Roger looked back to see me rolling around the track in agony and came hurrying back. By the time I had sorted myself out (stopped cursing and swearing) my bike had been on its side for over 5 minutes and wouldn’t start. Roger’s was a kick start but just a bit too high for him. Eventually we got his started and he went to fetch Jake for the rescue. By the time he arrived my bike was resuming normal service and he started it for me. We set off at a very steady pace but I did realise that we’d need to go a little faster if we were to get back before dark. Unfortunately, I couldn’t get it out of first gear, the lever was bent in so had to putt-putt all the way back with him riding cross legged and one handed whilst I clung on for dear life.
Roger knew of my concerns about stopping so was waiting in the yard but on a fairly minuscule rise which I decided was far too steep for me to stop on. As I yelled at him that I was going round again and to come down from the slope up to the Old House, Frankie came out to see what the problem was. She’d heard me shouting and thought that the dogs had got in the way. The problem with wearing a full head helmet is that it covers your ears and combined with the noise of the engine it is difficult to know how loud you have to shout to be heard. Not as loud as me apparently! Anyway he managed to control the bike as I stopped on the second circuit and I leapt off as best I could in the circumstances, all the aches and pains coming to the fore. The gear lever was indeed bent inwards, possibly by my fourth toe which seemed to have borne the brunt, although there isn’t a mark on my boot.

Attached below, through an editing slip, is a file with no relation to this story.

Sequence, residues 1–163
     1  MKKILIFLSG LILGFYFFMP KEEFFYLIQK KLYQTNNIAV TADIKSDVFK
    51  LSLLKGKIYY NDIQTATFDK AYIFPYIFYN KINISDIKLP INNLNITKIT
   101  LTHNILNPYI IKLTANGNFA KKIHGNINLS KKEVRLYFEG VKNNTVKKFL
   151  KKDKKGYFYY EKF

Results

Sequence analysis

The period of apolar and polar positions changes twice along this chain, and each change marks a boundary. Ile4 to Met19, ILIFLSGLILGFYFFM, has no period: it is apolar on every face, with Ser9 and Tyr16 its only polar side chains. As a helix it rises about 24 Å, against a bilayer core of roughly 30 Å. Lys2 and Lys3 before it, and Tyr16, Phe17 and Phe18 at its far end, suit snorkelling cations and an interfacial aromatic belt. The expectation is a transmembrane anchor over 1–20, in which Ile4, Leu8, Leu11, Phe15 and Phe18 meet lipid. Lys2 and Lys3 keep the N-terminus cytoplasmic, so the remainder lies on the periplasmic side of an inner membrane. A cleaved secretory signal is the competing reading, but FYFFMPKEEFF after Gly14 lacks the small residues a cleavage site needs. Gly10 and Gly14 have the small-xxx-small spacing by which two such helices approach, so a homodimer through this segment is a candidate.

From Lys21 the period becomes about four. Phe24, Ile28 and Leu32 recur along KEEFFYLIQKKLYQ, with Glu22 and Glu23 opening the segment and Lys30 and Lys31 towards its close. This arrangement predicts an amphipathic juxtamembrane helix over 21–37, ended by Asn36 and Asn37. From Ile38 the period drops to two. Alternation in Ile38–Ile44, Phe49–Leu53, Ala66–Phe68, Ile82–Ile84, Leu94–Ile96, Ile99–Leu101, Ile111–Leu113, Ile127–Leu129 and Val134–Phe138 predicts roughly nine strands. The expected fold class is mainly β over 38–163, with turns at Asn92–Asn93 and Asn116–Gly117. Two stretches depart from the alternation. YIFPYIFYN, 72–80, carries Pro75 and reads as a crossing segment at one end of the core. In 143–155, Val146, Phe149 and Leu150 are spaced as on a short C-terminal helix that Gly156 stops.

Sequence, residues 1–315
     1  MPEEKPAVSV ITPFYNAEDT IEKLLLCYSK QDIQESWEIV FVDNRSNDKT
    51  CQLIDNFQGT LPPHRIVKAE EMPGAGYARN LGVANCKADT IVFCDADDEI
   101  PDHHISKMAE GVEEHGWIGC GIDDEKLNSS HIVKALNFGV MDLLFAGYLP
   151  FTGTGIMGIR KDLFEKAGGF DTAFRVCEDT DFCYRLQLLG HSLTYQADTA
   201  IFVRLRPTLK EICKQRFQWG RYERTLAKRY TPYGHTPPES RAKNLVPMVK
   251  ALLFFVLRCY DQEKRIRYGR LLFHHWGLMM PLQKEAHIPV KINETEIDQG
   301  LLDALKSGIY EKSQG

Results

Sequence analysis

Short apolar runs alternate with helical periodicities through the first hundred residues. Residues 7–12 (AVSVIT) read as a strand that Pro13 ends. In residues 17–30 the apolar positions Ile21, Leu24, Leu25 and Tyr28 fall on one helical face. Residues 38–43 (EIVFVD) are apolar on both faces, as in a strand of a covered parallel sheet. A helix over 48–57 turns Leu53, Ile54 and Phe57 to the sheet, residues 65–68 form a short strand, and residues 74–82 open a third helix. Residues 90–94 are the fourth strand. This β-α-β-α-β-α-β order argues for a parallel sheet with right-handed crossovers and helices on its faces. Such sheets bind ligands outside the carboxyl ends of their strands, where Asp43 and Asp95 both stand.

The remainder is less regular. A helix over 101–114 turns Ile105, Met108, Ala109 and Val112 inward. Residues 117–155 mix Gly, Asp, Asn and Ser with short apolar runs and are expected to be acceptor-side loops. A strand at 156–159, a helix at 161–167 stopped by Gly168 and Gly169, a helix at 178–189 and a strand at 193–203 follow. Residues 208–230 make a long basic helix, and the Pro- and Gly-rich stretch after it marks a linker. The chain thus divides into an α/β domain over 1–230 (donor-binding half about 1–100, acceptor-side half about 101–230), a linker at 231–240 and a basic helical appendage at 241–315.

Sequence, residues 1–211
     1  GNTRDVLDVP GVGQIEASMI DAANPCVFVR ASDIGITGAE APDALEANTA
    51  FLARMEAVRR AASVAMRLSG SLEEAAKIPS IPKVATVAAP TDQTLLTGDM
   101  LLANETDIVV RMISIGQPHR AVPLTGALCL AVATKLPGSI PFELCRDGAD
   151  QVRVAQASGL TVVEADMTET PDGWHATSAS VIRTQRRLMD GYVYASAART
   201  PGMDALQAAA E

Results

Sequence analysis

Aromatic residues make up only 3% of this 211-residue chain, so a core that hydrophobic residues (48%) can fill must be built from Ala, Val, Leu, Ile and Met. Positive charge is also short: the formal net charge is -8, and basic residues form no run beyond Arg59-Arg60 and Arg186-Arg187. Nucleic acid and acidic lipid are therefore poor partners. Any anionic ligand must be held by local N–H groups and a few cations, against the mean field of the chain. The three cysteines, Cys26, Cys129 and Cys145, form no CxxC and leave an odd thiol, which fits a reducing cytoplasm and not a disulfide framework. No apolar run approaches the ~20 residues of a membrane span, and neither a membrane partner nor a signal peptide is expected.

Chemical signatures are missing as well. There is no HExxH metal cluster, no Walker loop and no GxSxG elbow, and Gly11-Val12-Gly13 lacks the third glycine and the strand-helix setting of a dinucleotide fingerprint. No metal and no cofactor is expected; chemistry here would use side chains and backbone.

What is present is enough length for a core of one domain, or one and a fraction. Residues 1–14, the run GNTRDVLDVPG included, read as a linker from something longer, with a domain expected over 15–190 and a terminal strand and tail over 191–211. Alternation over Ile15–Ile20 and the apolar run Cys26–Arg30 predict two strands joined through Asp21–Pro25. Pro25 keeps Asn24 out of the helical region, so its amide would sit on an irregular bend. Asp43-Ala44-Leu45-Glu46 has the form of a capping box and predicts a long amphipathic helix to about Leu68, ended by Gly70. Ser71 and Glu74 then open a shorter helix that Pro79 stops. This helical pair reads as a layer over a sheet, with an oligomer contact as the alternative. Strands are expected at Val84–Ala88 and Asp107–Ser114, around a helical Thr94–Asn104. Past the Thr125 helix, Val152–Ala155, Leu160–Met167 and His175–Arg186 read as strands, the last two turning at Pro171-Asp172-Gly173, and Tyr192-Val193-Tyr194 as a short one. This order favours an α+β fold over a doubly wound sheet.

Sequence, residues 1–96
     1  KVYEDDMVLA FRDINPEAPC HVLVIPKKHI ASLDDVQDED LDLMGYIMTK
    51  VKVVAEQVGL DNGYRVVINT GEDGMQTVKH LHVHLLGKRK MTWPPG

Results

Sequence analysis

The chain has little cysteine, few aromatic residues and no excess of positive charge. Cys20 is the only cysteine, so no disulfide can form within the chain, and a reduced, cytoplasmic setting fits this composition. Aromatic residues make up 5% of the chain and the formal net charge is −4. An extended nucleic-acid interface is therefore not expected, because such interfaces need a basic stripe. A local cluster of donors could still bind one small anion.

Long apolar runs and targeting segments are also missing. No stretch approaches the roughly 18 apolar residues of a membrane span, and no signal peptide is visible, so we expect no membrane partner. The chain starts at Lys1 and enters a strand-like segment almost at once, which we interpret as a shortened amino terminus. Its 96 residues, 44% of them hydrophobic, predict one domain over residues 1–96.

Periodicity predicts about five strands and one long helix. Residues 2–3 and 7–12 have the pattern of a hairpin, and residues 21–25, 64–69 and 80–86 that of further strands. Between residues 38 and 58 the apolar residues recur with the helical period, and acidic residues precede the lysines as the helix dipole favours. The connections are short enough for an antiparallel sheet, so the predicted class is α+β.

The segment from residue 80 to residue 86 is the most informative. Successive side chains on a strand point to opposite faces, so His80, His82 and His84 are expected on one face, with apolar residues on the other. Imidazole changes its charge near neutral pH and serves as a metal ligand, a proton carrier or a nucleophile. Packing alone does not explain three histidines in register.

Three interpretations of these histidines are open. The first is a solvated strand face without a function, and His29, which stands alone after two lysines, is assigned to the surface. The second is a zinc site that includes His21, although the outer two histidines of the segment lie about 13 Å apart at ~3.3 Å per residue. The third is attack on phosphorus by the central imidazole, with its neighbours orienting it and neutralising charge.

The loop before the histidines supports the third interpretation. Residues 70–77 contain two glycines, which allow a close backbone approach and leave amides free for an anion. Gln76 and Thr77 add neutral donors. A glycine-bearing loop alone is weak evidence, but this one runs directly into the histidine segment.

Roger went off for a ride on his own and had a great time. I would ride again but it would need to be a smaller bike, both height and weight, so I’d know that I could stop in control but am very grateful to Jake for my first ever lesson and no serious damage done (although it still hurts my ribs to turn over in bed!)
They went off to the Alice Springs Show and ball early on Saturday morning and will return after we have left. They are not going to the station owners ball this year as they reckoned to have been 25 years younger than the next youngest last year so are going to give that one a miss. We were flattered to be left in charge over the weekend and although missed saying a proper goodbye to them it would have been very difficult. It was bad enough going to bed on Friday night knowing that they were leaving at 4am and we wouldn’t see them. They are a fantastic couple, hard-working, resourceful and fun. We couldn’t wish them more happiness in the future as they carve their life out together at Wintinna and hope to see them again one day.